Former Clinton officials lobby for amnesty for FISA lawbreaking

The bipartisan appendages of the Beltway system work to provide amnesty for both private and governmental lawbreakers.

By Glenn Greenwald
Published September 22, 2007 4:15PM (UTC)
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(updated below)

Following up on Jim Risen's NYT article this week reporting that Congressional Democrats appeared likely to agree to some form of retroactive immunity for telecom companies which illegally enabled the Bush administration's warrantless eavesdropping on Americans (thus compelling dismissal most of the remaining lawsuits challenging the illegality of the eavesdropping), Newsweek's Michael Isikoff and Mark Hosenball reported the same thing:

Congressional staffers said this week that some version of the proposal is likely to pass -- in part because of a high-pressure lobbying campaign warning of dire consequences if the lawsuits proceed.

The Newsweek article sheds further light onto the reasons for its likely passage:

The nation's biggest telecommunications companies, working closely with the White House, have mounted a secretive lobbying campaign to get Congress to quickly approve a measure wiping out all private lawsuits against them for assisting the U.S. intelligence community's warrantless surveillance programs.

The campaign -- which involves some of Washington's most prominent lobbying and law firms -- has taken on new urgency in recent weeks because of fears that a U.S. appellate court in San Francisco is poised to rule that the lawsuits should be allowed to proceed.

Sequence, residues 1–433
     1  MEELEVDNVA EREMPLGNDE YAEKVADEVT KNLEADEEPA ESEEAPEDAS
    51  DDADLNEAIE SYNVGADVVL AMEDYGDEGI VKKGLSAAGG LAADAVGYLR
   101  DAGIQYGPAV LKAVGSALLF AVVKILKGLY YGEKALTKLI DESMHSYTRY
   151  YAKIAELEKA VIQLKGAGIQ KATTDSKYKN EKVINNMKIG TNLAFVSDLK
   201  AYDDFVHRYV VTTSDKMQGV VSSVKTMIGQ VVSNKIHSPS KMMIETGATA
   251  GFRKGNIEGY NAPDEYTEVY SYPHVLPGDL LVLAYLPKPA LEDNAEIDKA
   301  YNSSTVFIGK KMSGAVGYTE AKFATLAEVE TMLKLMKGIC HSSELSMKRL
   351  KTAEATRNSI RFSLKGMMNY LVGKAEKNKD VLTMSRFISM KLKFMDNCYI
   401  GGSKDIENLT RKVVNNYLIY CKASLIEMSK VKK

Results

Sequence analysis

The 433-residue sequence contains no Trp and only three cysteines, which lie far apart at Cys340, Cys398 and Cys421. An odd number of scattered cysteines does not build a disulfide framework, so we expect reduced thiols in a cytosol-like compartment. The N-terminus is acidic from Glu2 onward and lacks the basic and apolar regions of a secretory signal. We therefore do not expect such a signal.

Among those coordinating the industry's effort are two well-connected capital players who both worked for President George H.W. Bush: Verizon general counsel William Barr, who served as attorney general under 41, and AT&T senior executive vice president James Cicconi, who was the elder Bush's deputy chief of staff.

Working with them are a battery of major D.C. lobbyists and lawyers who are providing "strategic advice" to the companies on the issue, according to sources familiar with the campaign who asked not to be identified talking about it. Among the players, these sources said: powerhouse Republican lobbyists Charlie Black and Wayne Berman (who represent AT&T and Verizon, respectively), former GOP senator and U.S. ambassador to Germany Dan Coats (a lawyer at King & Spaulding who is representing Sprint), former Democratic Party strategist and one-time assistant secretary of State Tom Donilon (who represents Verizon), former deputy attorney general Jamie Gorelick (whose law firm also represents Verizon) and Brad Berenson, a former assistant White House counsel under President George W. Bush who now represents AT&T.

While Gorelick claimed she is not specifically lobbying, she "confirmed that she is providing 'strategic advice'" to Verizon for obtaining immunity. But all of these firms and individuals are working in unison on behalf of telecoms, using the influence they acquired and the contacts they developed while working in government to pressure lawmakers to give their clients what they want: